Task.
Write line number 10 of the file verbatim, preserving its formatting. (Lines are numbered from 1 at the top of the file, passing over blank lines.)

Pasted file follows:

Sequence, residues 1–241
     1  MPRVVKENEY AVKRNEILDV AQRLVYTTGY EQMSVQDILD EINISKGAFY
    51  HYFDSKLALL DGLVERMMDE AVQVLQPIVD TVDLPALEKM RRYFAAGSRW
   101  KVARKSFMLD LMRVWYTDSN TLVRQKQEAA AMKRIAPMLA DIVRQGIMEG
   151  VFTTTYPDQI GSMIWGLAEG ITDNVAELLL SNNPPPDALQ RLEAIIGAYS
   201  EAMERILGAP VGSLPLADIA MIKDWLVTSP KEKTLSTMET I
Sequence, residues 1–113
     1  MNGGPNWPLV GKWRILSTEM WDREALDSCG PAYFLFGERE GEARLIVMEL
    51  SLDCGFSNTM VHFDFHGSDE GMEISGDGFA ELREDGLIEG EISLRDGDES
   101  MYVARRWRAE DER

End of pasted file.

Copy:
   101  MYVARRWRAE DER